Parent-teacher conferences can be a challenging time for all involved.
The parents may or may not feel comfortable in the classroom due to a bad experience as a child or lack of communication from previous teachers.
The student is worried about getting a bad report.
The teacher is concerned about confrontation.
But, if all parties involved are well-informed and are made to feel a part of the child's education; hopefully, these problems will be minimalized.
1. It is imperative that communication be open and consistent. Parents should feel welcome coming to class or coming to the teacher to talk about anything. This communication should involve as many outlets as possible, including notes home, phone calls, emails and blogs (for example)
2. The teacher must instill trust and not necesarily expect it in return. We should be calling home on a regular basis with good news. In fact, we should be primarily the bearers of good news and good tidings. Concerns should be minimized and set in a larger context of positive news. This is not to neglect areas of concern, only to frame them with the possibility of overcoming.
3. Lastly, no suprises. Biweekly reports, something I have been doing for many years, should be the norm. Letting parents and kids know earlier rather than later will help all accept advice and move forward.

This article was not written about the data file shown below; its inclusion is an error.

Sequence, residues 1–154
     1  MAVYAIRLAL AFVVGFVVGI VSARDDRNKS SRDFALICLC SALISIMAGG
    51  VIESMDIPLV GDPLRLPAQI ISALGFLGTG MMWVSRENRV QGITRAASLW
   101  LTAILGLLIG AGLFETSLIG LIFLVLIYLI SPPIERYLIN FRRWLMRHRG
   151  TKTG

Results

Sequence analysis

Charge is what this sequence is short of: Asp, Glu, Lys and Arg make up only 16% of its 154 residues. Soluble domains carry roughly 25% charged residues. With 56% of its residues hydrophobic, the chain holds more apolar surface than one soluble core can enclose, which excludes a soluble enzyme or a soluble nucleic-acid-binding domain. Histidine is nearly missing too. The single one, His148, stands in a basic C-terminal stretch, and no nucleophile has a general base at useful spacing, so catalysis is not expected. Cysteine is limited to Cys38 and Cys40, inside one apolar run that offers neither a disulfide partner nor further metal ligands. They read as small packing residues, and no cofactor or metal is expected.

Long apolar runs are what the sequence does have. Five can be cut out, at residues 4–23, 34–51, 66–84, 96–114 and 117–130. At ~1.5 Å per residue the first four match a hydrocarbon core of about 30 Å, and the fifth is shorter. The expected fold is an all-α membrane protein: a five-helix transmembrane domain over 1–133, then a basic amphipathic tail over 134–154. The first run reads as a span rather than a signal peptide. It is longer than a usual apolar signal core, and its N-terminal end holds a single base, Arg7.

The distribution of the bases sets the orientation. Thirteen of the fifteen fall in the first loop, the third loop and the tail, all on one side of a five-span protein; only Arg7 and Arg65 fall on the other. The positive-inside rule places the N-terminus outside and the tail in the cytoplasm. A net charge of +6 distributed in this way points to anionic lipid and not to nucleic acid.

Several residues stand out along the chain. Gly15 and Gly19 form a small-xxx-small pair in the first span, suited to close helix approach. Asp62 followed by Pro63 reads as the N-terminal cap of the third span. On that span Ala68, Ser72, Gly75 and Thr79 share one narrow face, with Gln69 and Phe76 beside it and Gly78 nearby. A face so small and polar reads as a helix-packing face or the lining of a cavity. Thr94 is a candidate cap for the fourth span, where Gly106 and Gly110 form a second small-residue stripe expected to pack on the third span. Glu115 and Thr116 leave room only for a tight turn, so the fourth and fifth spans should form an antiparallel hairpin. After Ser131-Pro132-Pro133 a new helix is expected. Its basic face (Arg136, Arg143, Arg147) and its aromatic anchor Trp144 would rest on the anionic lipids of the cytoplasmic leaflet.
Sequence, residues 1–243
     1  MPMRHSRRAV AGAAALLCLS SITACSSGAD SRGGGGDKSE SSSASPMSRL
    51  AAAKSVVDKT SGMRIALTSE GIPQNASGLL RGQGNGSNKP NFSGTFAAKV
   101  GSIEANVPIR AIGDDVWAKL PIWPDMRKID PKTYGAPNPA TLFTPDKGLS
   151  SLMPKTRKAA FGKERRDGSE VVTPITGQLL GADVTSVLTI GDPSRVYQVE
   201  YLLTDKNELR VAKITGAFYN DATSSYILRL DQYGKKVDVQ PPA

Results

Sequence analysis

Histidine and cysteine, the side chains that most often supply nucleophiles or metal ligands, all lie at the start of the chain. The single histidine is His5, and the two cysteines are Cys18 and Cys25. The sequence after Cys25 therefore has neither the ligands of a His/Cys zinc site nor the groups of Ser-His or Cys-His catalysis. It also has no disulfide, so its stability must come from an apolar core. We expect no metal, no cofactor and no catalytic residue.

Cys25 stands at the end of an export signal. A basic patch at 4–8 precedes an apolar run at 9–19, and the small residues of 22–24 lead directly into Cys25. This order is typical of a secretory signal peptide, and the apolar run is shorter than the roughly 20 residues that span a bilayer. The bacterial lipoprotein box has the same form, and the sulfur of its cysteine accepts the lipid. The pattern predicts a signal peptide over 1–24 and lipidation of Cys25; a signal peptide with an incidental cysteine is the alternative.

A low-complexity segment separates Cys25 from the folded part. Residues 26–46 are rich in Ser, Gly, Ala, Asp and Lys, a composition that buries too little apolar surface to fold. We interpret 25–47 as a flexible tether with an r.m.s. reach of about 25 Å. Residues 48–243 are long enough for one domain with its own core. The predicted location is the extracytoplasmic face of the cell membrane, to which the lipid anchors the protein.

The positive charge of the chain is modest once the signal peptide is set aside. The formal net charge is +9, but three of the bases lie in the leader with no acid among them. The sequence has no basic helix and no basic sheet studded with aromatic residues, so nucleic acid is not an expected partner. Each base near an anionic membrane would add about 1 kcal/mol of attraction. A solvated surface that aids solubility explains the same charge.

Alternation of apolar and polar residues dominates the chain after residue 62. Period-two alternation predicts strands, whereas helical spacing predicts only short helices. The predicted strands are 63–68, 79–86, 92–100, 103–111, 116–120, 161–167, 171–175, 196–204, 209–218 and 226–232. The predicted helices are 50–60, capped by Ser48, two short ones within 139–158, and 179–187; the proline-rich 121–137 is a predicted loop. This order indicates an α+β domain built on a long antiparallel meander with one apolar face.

So, I write all this because this year I have allowed other professional concerns over-run these golden rules for parent-school communication. I have neglected the biweekly reports in favor of a class blog and in-class discussions of tests and homeworks. This has worked from some, but it has caused distress for others.
At this juncture I set as a goal improving communication via:
1. Reinstituting the biweekly reports.
2. At least one call home per student.
3. Soliciting parent responses and questions via a questionaire.
I hope this helps ameliorate some of the concerns parents have about their child's progress and sucesses in math class.